All in all, I find this to be a very good book. It is in paperback and is not overly lengthy. I recommend this book for all women as a guide to tempering their speech, emotions and interpretations to meet those typical of business and industry today. If you believe there is a glass
ceiling, it will be much harder to get ahead. Rid yourself of the obstacles in your way, and you will become CEO someday. Take what the author has to say and apply it to your own career, be aggressive, but above all, be what you are—a woman.

Triangle—The Fire that Changed America
By Carol Woodruff
ASSE National Capital Chapter Secretary

Triangle—The Fire that Changed America
By David Von Drehle
Grove Press 2003

“One hundred forty six employees die in a workplace fire—mostly young immigrant women.” Think this is a headline from a sweat shop in a third-world country? This is not the case. This is a headline from New York newspapers in March 1911. Death was the leading workplace safety issue for women in the early 1900s.

Life for professional women in the early part of the 20th century was incredibly difficult. Women did not yet have the right to vote and were still considered second-class citizens. Sexual harassment and abuse were widespread with no opportunity of escape—if your job was to be kept. Few opportunities for women existed in the workforce, with little security or safety of any kind. David Von Drehle’s book, Triangle—The Fire that Changed America (Grove Press 2003), does not make excuses or gloss over the reality of the times.

Sewing factories provided jobs for many women and men during this time in history. Von Drehle’s account of the daily life of workers in 1911 is a jolting reminder of why safety in the workplace is not only the law, but the motivation for most of us who chose safety as a career. Accounts taken from newspapers, magazines, union trade papers and a website from Cornell University give the historical backdrop and eyewitness accounts of this tragic event at the Triangle Waist Company in New York City.

The early 1900s in America was an era of industry, manufacturing, mass immigration and political corruption. Tammany Hall ruled New York, and labor unions were born out of horrible workplace wages and conditions. Triangle unfolds in this backdrop of struggling immigrants, powerful business barons and corrupt government.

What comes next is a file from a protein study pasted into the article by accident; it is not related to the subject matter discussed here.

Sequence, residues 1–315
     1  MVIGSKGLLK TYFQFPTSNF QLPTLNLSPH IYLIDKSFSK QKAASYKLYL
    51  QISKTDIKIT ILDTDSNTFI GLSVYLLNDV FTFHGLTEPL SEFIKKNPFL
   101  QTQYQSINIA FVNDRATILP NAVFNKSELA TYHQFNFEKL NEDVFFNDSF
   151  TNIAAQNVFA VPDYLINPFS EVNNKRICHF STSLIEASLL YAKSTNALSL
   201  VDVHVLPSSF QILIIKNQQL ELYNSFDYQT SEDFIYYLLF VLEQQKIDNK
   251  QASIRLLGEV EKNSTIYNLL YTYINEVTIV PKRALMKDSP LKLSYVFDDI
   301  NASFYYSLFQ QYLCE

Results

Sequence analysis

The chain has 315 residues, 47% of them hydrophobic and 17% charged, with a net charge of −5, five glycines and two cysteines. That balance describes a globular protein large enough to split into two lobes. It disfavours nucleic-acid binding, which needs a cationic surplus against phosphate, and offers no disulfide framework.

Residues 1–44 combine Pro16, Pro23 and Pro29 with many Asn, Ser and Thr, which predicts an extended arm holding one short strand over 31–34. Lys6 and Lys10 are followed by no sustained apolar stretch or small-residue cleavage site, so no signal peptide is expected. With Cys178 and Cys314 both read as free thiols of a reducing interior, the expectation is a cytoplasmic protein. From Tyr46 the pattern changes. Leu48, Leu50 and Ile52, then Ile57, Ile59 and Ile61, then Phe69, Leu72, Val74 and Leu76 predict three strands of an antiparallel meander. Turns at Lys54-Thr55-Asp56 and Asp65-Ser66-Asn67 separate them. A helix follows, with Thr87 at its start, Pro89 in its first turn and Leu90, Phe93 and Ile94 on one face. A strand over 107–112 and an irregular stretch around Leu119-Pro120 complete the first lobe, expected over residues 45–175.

Chapter five, “Inferno,” sets the stage for the tragedy of the subtitle “the fire that changed America.” Describing the layout of the factory, what passed for codes for building safety and attempts at emergency evacuation procedures, Von Drehle gives an inside look at a traditional workplace in the early 20th century. A cigarette butt or match in a scrap pile initiates a chain of events in a major high-rise structure fire of the times. The lack of building codes, firefighting technology and emergency procedures are obvious in the account. It is the vivid description of the confusion, the fear, the screaming, the hopelessness for those trapped in an inescapable hell that compels me to share this book with you. “I learned a new sound,” he [Shepherd] wrote afterward, “a more horrible sound than description can picture. It was the thud of a speeding, living body on a stone sidewalk.”

“ Panic. ‘Yes, screaming and crying and shouting,’ said Mary Bucelli, an operator with two years experience at the Triangle. Everything blurred as she ran through the loft looking for a way out.”

“Anyone who failed to choose-and to choose quickly-was doomed.”
“Behind the workers in the windows were screams of terror on the rising growl of more and larger flames. As they stood on the sills, fire licked up beneath their feet. …NO! as in No, don’t jump! Their tiny hands were up, as if a gesture could hold the doomed workers forever in the mouth of a furnace.”

Very few of us need motivation for workplace injustices or incidents to bring out our natural passion to champion safety and those workers in whose faith we are trusted. This is to encourage us as SH&E professionals to take this challenge to realize the progress that has been made and the challenges that yet lie before us. A short 268 pages of text can be read over a weather-dampened weekend or an hour after work each evening for a week or two. You are invited to share this story that reveals a time in our history when our profession was born.